As always, for more information contact an experienced and capable tax advisor.

Easter Trivia

on Tuesday, 11 April 2017. Posted in Doctor of Fitness

Spring wouldn’t be spring without the pastel colors, spring fever and of course, Easter. After a long cold winter, many people are just as happy to see the Easter Bunny as they would be Santa. With that in mind, here is a small collection of Easter trivia from our Easter basket to yours.

A good egg. Easter eggs go back a long way back— to ancient Egypt in fact, to whom the egg was a symbol of life.

For the birds. The first Easter baskets were designed to look like bird's nests.

Holy cross buns, Batman! The first Easter treats weren’t candy at all, but hot cross buns. They were given to the poor during the month of Lent.

Counting your chicks. Americans buy 700 million Peeps during the Easter season.

Peep, peep! Peeps aren’t hard to figure out. They’re made of 3 simple ingredients: gelatin, corn syrup, and yellow dye #5.

Go Big Red! For many children, red jellybeans are the favorite candy for Easter.

Egg-cellent. In the old days, people were forbidden to consume eggs during Lent. Since chickens weren’t going to stop laying to accommodate the observance, people turned to other methods to preserve them like boiling. And when Easter came at the end of Lent? They had a lot of left-over eggs to eat!

A hunting we will go. According to Guinness world records, the world's largest Easter egg hunt was held in Florida in 2007, where 9,753 children searched for 501,000 eggs.

Happy Easter!

Procrastination and Your Taxes

on Tuesday, 04 April 2017. Posted in Doctor of Fitness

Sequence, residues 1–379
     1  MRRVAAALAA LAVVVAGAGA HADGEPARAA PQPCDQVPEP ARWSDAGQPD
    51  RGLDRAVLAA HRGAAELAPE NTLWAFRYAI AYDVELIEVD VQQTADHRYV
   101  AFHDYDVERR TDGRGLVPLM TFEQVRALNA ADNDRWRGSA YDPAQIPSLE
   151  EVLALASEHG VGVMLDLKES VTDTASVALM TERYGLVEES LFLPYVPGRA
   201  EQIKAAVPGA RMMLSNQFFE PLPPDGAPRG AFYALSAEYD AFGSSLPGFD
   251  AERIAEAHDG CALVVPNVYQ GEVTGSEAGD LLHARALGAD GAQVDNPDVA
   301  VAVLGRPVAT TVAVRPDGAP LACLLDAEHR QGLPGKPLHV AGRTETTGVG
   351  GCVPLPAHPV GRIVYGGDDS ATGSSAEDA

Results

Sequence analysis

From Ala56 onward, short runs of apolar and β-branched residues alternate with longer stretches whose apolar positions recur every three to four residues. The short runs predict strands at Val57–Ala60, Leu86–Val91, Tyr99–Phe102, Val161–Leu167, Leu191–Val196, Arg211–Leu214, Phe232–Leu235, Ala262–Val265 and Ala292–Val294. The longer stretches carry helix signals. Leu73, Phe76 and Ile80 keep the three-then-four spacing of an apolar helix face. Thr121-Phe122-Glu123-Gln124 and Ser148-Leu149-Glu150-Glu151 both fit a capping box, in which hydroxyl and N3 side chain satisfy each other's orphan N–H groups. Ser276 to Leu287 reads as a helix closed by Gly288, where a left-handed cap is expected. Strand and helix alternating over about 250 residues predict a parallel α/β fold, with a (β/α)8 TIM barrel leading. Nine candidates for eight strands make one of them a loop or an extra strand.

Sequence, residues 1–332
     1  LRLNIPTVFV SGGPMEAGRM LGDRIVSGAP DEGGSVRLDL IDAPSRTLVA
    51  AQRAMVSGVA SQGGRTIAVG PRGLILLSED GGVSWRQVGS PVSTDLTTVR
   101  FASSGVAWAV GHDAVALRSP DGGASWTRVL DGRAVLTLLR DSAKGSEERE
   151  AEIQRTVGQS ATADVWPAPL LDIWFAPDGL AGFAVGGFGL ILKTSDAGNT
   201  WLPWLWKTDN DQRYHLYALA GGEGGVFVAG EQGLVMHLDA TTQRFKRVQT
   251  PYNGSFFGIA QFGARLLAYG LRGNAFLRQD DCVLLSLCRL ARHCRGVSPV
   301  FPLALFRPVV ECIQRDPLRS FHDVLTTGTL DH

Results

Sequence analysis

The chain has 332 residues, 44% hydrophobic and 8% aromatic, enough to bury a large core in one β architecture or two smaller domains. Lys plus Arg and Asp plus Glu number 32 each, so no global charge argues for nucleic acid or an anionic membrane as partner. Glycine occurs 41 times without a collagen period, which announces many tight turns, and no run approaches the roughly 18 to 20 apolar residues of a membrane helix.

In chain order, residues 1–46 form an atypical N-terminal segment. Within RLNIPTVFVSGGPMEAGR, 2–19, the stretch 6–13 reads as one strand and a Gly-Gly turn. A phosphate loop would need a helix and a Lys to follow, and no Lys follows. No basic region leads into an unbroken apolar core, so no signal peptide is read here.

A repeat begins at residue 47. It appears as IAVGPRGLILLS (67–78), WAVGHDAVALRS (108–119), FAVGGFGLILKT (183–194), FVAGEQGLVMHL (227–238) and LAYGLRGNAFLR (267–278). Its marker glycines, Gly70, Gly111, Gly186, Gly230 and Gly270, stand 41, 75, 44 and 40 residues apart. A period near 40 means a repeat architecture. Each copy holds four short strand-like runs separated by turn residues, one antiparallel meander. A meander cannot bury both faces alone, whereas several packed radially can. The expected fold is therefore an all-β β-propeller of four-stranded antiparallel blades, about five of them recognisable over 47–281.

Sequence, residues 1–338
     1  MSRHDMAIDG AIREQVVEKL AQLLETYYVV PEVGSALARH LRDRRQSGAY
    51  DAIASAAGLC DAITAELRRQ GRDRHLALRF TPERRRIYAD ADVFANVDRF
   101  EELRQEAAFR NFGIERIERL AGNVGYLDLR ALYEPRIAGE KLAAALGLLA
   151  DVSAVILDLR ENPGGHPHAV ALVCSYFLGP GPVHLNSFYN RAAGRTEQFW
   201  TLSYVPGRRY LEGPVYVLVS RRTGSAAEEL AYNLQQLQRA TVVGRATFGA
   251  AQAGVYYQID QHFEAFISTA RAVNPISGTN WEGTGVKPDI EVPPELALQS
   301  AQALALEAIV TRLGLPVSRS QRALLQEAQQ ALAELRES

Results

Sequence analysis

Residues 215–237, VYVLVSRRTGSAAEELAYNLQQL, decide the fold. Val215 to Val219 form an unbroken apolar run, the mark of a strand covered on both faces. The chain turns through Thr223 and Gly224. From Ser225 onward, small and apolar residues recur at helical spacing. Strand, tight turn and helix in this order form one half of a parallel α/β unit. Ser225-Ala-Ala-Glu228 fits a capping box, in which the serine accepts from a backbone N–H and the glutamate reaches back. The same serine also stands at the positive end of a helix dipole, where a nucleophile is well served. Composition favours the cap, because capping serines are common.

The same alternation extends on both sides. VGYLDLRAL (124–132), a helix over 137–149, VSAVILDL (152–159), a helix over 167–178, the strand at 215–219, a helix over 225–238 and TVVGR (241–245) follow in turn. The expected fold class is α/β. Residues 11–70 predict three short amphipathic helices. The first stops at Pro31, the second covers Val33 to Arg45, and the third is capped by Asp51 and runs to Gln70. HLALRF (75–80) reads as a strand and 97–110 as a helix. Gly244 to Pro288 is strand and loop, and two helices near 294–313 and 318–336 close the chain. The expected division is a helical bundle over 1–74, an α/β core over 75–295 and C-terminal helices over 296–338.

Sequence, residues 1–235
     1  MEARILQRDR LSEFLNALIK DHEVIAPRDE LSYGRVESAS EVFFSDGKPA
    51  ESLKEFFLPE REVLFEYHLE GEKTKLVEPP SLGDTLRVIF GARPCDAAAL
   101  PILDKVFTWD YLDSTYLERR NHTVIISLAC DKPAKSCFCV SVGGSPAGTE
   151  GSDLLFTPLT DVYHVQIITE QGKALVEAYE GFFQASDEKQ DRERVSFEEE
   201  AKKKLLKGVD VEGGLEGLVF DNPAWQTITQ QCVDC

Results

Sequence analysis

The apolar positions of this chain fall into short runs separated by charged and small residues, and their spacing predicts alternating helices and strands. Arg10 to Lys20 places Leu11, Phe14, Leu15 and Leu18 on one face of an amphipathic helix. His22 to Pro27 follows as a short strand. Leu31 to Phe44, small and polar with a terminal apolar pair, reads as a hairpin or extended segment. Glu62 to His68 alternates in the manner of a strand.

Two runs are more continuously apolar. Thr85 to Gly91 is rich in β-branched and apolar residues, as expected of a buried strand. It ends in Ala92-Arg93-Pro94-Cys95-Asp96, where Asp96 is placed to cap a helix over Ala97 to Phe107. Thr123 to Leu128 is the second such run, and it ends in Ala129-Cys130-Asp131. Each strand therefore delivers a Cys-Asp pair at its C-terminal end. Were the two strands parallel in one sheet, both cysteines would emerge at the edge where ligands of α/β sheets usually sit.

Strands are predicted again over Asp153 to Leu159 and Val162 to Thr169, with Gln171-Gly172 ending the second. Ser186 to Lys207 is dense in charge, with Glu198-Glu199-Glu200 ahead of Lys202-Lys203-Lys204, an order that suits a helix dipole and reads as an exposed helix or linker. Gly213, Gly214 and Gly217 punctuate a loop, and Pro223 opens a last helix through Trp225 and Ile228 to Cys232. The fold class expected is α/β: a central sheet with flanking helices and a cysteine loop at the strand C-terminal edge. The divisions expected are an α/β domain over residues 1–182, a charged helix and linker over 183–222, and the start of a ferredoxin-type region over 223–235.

“Never put off until tomorrow what you can put off until the day after tomorrow.”     —  Mark Twain

Sound familiar? Twain was using the quote to mock some of Benjamin Franklin’s famous sayings, but it can just as easily apply to doing your taxes. Nearly one-third of Americans put off their taxes until the last minute. 

If you’re one of these types of procrastinators, there are a couple of deadlines you should know about. The first one is the most obvious, and that’s April 18th this year. Even if you won’t be able to pay your tax bill in full, you should still file. The IRS assesses two types of penalties, one for failing to pay and another for failing to file. There’s no sense in paying two penalties for one tax bill.

The next type of deadline is the extension deadline. Like the deadline for filing your taxes, the deadline for filing an extension is April 18th. Many taxpayers mistakenly think an extension means extra time to pay their tax bill. It doesn’t. An extension is designed for those who haven’t been able to gather the necessary information to properly file. If you do file an extension, the IRS still expects you to make a good faith estimate of your tax liability and to pay it by the April 18th due date.

Still procrastinating? Filing at the last minute simply increases the likelihood of errors and means you may not be able to take advantage of tax-saving opportunities like traditional IRAs. If you still want to put it off, check out this IRS site about avoiding common errors.